Audioclinic (Mar. 1980)

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Edge-Wound Voice-Coils

Q. Several loudspeaker manufacturers make a point of stating that their speakers employ edge-wound ribbon voice-coils. What is the advantage of ribbon voice-coils over the ordinary round-wire voice-coil?

--Name withheld.

A. One advantage of the edge wound voice-coil is that it is light and thus does not add mass to the speaker system. Also, such a coil can radiate heat more efficiently.

Receiving Distant FM Signals

Q. Is there a device for FM/FM stereo which is analogous to devices for AM that make it possible for AM radios to receive signals up to 1,000 miles away?

-Merritt E. Tilley, III, Syracuse, N.Y.

A. There is no such device for FM, and the reason is found in the differences between FM and AM propagation. AM signals, because of their relatively low transmitting frequencies (not because they are AM), can reflect back to earth and be heard at great distances. The ionosphere acts almost like a mirror. Note, however, that this action does not occur in daylight hours when the signals are absorbed rather than reflected back to earth.

Such signals can be reflected to a given location at surprising strengths.

This makes it possible for even relatively poorly designed AM radio sets to "hear" these signals, provided they are not located on channels adjacent to or shared by strong local stations.

The mechanism by which FM signals can at times be transmitted over greater than normal distances is different.

Signals can be reflected from meteor showers, for instance, or from atmospheric dust. The latter is known as "tropospheric scatter" or "forward scatter." Meteor showers are not reliable; signals tend to fade in and out so rapidly that the program is really not usable. Tropospheric scatter can be quite effective, but to take full advantage of it calls for a really directional antenna, and a means of getting the exact antenna elevation as well as azimuth.

The most common reflections are those associated with the approach of a weather front. It often happens that warm air is trapped below a layer of colder air, making it impossible for the warm air to rise as it normally would.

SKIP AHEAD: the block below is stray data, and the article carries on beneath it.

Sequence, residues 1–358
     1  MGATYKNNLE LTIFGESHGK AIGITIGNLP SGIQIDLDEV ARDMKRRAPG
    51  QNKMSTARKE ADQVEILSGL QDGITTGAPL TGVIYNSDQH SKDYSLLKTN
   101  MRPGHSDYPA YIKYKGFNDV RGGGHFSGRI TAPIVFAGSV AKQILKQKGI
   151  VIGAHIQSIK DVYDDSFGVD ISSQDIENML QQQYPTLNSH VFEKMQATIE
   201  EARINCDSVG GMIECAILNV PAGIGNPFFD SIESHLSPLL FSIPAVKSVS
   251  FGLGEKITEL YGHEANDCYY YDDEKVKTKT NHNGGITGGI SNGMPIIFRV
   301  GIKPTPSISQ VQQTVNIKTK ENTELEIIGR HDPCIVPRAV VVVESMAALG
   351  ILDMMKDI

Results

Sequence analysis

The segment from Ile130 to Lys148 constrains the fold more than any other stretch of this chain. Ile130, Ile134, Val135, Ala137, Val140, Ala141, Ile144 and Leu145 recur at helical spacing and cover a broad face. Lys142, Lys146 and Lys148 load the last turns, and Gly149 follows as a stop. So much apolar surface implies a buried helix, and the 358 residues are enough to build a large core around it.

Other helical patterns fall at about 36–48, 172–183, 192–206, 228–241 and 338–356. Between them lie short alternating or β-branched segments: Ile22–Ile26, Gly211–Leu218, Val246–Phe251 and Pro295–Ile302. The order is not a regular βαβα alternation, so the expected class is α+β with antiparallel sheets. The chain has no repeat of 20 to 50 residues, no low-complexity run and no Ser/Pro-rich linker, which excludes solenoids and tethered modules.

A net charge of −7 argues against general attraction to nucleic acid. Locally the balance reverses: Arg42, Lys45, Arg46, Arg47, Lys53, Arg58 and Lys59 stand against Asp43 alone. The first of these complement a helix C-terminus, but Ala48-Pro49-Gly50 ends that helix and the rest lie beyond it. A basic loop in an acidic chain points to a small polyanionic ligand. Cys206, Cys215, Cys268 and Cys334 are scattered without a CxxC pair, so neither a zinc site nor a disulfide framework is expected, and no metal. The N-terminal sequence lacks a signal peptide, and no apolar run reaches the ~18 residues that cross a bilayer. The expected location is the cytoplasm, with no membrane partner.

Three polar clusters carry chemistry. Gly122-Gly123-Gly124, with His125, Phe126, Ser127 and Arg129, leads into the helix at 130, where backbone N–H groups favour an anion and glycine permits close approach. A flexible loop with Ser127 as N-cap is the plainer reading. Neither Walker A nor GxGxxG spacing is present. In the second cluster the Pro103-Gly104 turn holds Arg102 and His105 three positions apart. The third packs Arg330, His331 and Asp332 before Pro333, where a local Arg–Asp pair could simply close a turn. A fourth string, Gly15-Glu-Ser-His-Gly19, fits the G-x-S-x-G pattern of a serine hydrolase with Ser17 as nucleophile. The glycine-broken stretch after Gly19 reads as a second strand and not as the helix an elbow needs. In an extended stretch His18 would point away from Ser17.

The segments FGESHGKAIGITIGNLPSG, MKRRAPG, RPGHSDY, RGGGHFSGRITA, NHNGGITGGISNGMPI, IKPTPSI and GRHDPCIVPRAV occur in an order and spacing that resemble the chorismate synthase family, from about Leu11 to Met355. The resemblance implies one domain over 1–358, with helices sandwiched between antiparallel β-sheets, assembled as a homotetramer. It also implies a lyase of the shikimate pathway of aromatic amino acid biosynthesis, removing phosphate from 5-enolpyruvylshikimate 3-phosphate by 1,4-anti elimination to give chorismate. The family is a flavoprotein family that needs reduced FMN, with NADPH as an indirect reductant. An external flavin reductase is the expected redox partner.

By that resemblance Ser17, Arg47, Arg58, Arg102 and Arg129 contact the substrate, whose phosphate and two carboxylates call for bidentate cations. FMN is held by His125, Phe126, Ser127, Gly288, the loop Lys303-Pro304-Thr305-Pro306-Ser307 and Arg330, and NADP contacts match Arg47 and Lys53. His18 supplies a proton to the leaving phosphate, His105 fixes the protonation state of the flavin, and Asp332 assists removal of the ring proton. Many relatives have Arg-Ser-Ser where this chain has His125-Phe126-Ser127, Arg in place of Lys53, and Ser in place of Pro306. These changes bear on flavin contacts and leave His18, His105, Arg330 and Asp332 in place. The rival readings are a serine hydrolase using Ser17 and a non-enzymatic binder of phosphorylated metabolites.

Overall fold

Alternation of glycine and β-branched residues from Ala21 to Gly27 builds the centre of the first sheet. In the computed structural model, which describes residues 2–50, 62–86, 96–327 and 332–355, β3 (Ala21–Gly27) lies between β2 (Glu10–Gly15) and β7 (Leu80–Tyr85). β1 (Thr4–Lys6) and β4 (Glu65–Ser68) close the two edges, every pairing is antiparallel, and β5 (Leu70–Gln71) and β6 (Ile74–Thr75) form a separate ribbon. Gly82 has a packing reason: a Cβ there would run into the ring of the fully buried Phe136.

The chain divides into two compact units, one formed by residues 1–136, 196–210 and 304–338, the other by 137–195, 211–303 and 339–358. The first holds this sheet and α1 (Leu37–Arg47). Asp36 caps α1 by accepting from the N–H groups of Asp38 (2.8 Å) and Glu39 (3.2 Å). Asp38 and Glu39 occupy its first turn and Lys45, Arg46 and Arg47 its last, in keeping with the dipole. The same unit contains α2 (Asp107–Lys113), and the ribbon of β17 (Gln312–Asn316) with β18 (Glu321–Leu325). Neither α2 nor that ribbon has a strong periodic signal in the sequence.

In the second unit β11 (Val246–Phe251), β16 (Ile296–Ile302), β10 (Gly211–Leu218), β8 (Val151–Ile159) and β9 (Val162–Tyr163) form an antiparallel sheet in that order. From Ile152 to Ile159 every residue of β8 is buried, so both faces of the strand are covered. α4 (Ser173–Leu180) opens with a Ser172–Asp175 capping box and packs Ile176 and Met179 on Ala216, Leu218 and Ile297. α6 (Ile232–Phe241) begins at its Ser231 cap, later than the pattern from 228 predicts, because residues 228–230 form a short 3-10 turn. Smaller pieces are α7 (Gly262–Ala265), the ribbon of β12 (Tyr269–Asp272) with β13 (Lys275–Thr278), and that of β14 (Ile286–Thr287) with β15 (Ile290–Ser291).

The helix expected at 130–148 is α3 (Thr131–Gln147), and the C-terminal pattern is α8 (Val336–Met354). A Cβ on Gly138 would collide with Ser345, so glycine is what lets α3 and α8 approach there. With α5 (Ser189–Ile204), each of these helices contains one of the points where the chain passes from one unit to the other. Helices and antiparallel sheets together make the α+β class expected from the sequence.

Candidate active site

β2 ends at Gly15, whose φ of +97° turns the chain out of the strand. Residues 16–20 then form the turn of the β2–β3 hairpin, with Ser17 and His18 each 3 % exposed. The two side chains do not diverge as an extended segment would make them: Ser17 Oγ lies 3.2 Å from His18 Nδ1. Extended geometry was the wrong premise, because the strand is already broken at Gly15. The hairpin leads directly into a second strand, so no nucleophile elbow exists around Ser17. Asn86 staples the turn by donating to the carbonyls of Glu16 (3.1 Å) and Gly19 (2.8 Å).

This creates a region in which there is a change of "optical density." Under these conditions, reflections must occur to the degree that this change of optical density occurs. Because Syracuse, where you live, is located on relatively flat terrain, you should, during spring and fall, sometimes hear signals from as far away as Michigan, Canada, etc. These signals will in some cases be so strong that you will wonder why you do not hear them all the time.

In general, FM signals are not reflected back to earth and if the receiving antenna is not in the line of sight of the transmitter, the signal will not be heard. These signals do not tend to follow the curvature of the earth; they travel out into space.

The most reliable method to use if you wish to hear a somewhat distant FM station is to raise your antenna.

This means that your line of sight is now greater than it was with the antenna in its original position. Hence, you are now capable of receiving more distant signals.

It is also a good idea to have an antenna with directivity. One of the properties of such antennas is that they have gain (like an amplifier) over the conventional dipole antenna. Because the antenna favors one direction rather than "hearing" signals in a full circle, it tends to exclude signals which arrive at the antenna from other directions than that of the desired signals.

Given a good outdoor antenna which has good directivity, you should hear signals from as far as 150 miles away at any time, provided there are no major obstructions between you and the desired stations. You need to use a relatively "selective" tuner or receiver so that local signals will not wipe out "alternate channel," weaker signals.

Of course, any good antenna will strengthen local signals as well as the weaker, desired ones. Making the antenna directional, however, will tend to attenuate local signals unless their transmitters are located in the same direction as that of the desired, distant signal.

(Source: Audio magazine, Mar. 1980; Joseph Giovanelli )

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